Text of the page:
Researchers at Rochester Institute of Technology found that a technology-rich learning environment decreased failure rates and class withdrawals while improving learning. In fact, 90% of students involved cited that the tech-rich environment helped them learn and retain information better. 

 

Since technology can be hard to incorporate into traditional game based units, creating additional units with a focus on fitness can open the door to meaningful tech integration.

 

For example, within each of PLT4M’s fitness offerings, there are established benchmarks that assess student competency, effort, and progress. 

 

Kurt Foster, PE Teacher and Coach at John Glenn in Indiana, says that giving kids personalized insights has had a huge impact on student engagement.

 

“The buy-in from the younger students has gone up drastically. As kids, they love immediate feedback and seeing real-time results. Getting students to buy into PE is far easier with the use of technology and PLT4M.”

 

In Milwaukee, Wisconsin, Kyle Barth too, has seen the impact that data can have on student participation and engagement. 

 

“The ability to see a graph that shows progress in a certain movement gets kids excited. Whether it’s over the course of a semester or a few years, kids love bragging about the progress they’ve made and that’s cool to see.”

Example report card from PLT4M.

 

2) Improve Classroom Efficiency 

 

For many PE departments across the country, time is a constant battle. Since kids have to dress down, class can be shortened by as much as 20 minutes. This means classroom efficiency is vital. 

 

Kyle Barth at Milwaukee Lutheran in Wisconsin has found that giving students access to video instructions on their devices streamlines class. Rather than waiting behind a line of kids trying to get a question answered, students can reference their app. 

 

“It makes my job as a teacher and coach easier. Students who may have questions throughout a class period or training session can first turn to their app and watch a video or read a description. I can focus my time and attention on students who may need more help with a movement and not feel bombarded by questions.”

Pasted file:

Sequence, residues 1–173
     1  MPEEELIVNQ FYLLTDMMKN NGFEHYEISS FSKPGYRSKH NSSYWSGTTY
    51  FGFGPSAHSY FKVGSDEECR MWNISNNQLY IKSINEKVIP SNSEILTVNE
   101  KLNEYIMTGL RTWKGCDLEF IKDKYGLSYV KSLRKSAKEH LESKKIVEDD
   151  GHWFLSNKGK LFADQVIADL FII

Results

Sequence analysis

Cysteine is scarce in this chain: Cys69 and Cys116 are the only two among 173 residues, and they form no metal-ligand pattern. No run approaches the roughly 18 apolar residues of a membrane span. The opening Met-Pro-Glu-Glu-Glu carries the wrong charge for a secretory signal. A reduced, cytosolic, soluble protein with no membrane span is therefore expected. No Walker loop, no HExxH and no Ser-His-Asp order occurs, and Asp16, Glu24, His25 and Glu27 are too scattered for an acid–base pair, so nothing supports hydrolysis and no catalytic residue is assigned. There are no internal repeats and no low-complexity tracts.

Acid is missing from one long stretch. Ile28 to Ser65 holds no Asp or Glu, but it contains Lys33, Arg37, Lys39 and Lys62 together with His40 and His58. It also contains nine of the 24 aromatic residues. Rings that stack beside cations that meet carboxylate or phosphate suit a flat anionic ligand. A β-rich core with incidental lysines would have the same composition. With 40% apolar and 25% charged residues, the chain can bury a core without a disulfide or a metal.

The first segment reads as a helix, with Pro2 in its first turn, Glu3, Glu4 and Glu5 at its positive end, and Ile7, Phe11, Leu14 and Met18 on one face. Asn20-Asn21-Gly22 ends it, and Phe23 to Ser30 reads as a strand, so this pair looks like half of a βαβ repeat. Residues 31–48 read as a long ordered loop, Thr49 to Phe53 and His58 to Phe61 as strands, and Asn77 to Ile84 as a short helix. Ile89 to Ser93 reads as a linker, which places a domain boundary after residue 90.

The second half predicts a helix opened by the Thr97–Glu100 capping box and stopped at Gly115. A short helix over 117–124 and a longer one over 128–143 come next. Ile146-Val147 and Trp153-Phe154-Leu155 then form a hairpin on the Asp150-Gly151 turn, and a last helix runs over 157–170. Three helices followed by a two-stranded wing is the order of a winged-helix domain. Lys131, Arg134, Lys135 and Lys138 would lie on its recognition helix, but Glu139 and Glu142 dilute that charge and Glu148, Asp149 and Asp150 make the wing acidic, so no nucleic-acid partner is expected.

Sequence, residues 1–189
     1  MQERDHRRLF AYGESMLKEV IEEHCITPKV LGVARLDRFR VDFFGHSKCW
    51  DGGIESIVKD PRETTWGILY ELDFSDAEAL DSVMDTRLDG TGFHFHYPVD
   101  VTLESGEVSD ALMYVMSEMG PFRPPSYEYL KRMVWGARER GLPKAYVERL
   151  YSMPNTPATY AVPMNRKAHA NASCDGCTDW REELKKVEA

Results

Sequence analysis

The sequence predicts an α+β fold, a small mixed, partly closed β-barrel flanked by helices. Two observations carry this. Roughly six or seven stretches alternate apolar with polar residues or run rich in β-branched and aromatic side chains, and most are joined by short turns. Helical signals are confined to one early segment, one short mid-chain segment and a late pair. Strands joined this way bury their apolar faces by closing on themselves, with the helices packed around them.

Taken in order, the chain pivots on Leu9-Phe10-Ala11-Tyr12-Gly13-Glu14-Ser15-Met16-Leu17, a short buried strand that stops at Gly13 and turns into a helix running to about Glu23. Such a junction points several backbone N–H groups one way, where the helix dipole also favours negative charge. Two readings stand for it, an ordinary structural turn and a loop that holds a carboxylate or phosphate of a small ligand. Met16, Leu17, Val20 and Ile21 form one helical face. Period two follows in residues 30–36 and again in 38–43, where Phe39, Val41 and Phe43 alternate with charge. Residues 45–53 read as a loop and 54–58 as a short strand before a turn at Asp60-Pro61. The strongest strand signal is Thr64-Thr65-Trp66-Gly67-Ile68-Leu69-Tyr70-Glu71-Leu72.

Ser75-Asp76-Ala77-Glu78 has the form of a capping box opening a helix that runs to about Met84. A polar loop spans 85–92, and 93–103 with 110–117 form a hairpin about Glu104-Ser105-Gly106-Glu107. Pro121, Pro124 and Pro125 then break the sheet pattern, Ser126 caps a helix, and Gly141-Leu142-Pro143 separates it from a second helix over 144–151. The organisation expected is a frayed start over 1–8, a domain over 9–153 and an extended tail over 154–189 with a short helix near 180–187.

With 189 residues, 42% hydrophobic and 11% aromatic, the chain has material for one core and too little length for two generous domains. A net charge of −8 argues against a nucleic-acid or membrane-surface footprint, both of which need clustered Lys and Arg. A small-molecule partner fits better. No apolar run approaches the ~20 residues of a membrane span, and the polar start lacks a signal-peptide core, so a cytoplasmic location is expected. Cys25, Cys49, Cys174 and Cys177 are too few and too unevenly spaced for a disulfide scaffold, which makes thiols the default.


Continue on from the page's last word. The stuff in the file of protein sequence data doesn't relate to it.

For more advanced fitness classes that offer weight training, the impact can be even greater. Rather than having kids scribble down weight on index cards only to have to finger through folders to find them the next class, schools are now using different systems to automate weight assignments. 

 

David Stoddard has taught P.E. in the state of Washington for close to 20 years. He now uses PLT4M, and finds that for students using weight training programs, the efficiency is simply too good to deny.

 

“The flow of the class is ten times better. Students can get everything they need right down to the weights and reps they should be doing for any movement assigned.” 

 

Whether using an app like PLT4M, or a low tech tool like Google Sheets, the fact remains – tech can create efficiency within PE class in a number of ways that are hard to replicate otherwise.

Student use different devices to access personalized workouts.

Top 5 Benefits of Using 

Technology in Physical Education

Learn how physical education departments are benefiting from embracing technology in their classrooms

 

3) Foster Meaningful Student Collaboration

 

One of the most powerful aspects of a well rounded physical education is the ability to teach kids how to work together. Phys Ed’s role in this is only growing as SEL becomes more popularized across the country. It will remain important to put kids in situations to practice their Social and Emotional skills.